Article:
He said the agencys restoration work, which is being done with the help of various volunteer groups, is improving the quality of the waterways, reducing the amount of pollution that fouls the waterways as well as creating a better habitat for aquatic life.
Its nice to see those victories, he said.
Response From The Pfbc
Don Anderson, PFBC commissioner for the fourth district in south-central Pennsylvania, has been involved in rearing trout since 1973 with volunteer cooperative nurseries as well as some time with a commercial hatchery. Hes also been a deputy waterways conservation officer for 44 years.
Our agency has concerns over undesirable species of fish being brought into the commonwealth and being stocked. So we have to have regulations against the things we dont want here.
He said the commercial hatcheries dont want something that impacts the health of their fish.
We need to have regulations, that everyone can live with, thatll work for the commercial aquaculture industry because they are an important part of the economy in Pennsylvania.
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He said the people he has talked to want to have some of the requirements more defined. I can understand and appreciate that and those are some of things we can work out.
The stocking authorization needs to be user friendly, he said about the customer wanting 200 or 300 trout for a creek near their home. It needs to be a simple process, he said about alleviating peoples fear about needing to get a permit.
He believes the agency is committed to working with the public to get the process developed the right way.
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Some Good Ideas In The Proposal
Theres a lot in this that I actually dont mind. I support. We have farms throughout the state. I dont want diseases moved throughout Pa., he said about the fish health guidelines which he believes are ahead of many other states.
He said the language requirements about the outside of boats being cleaned to remove algae and mussels is good, but will be difficult to enforce.
Liz Pritts thinks the PFBC will be surprised at how many fish are provided to waterways through private fish farms. We put a lot out there, she said about stockings that occur around the state. He said when the fish goes into public streams, it helps with license sales. He said people are paying them to stock streams that are fished out quickly or are no longer stocked by the PFBC.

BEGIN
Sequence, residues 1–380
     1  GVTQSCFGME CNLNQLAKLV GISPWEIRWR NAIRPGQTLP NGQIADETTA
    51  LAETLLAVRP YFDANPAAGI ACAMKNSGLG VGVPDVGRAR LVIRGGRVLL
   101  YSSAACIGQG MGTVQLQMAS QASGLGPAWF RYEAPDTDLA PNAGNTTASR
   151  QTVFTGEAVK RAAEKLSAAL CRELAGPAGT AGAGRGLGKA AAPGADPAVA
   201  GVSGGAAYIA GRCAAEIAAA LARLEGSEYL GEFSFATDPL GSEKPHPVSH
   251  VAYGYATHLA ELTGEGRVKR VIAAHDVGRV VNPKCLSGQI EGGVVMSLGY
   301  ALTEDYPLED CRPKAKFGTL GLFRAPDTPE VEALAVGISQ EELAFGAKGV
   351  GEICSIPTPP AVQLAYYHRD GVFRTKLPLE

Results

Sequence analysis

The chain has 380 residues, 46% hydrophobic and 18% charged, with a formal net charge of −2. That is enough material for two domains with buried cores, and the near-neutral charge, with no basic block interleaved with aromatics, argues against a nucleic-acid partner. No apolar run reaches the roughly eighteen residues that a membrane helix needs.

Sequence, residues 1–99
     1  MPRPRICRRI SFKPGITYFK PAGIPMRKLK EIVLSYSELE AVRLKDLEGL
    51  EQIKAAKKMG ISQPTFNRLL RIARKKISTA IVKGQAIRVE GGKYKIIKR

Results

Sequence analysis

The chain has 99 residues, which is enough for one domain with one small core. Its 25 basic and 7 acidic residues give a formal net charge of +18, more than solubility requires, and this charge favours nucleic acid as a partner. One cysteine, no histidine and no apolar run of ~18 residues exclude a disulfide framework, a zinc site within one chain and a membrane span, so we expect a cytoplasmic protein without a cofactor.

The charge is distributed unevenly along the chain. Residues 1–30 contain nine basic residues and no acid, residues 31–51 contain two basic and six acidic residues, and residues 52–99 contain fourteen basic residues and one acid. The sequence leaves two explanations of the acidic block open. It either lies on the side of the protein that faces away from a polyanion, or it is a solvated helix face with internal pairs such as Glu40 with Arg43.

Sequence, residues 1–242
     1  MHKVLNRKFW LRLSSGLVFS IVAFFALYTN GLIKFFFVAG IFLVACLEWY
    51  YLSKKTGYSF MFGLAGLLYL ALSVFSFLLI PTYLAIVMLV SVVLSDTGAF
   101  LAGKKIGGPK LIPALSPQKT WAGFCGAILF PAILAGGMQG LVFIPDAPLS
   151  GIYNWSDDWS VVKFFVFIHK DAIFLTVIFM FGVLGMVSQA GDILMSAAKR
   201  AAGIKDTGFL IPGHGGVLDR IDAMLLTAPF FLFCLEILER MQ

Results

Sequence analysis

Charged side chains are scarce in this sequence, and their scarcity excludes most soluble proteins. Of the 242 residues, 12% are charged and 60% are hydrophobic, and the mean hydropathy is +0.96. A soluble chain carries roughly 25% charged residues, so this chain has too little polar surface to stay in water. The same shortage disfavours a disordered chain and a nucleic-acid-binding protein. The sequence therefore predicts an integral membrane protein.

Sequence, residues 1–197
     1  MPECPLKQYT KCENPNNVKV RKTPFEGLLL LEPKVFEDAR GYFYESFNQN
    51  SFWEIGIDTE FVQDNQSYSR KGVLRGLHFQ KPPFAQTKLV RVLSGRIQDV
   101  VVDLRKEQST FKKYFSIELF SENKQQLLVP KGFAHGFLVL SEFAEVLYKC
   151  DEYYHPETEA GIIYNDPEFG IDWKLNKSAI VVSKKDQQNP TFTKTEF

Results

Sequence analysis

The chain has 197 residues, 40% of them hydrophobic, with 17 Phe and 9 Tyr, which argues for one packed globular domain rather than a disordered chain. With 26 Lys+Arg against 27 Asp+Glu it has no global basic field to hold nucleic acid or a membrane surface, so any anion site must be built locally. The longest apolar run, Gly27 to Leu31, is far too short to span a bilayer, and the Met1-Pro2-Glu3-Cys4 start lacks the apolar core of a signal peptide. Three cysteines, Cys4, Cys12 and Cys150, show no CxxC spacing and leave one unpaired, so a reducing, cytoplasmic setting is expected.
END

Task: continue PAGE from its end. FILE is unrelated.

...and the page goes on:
If the process becomes too complicated, Adam Pritts said hatcheries like his familys farms can focus on other states and move their operation from stockings to processing their fish for food.
The Pennsylvania Fish And Boat Commission: Fishing For Landowners To Execute Conservation Easement Agreements
The Pennsylvania Fish and Boat Commission recently announced that it is looking for Pennsylvania landowners with stream frontages to enter into conservation easement agreements in exchange for a one-time payment. The Commission is seeking these easements in furtherance of the Voluntary Public Access-Habitat Incentive Program , a competitive grant program of the U.S. Department of Agricultural Natural Resources Conservation Service designed to provide funding to state governments for the benefit of public hunting, fishing, and other wildlife-dependent recreation. Portions of Pennsylvanias VPA-HIP allocated funds are administered by the Commission for the purpose of providing Pennsylvanias anglers with enhanced public fishing opportunities. Qualifying landowners who enter into a VPA-HIP conservation easement with the Commission will be awarded a one-time payment in consideration for permitting members of the public to access and fish on their properties. The amount of compensation for providing these easements depends on several factors, including the length of the stream frontage that is made available for public access, the location of the property, and the fishing quality of the stream.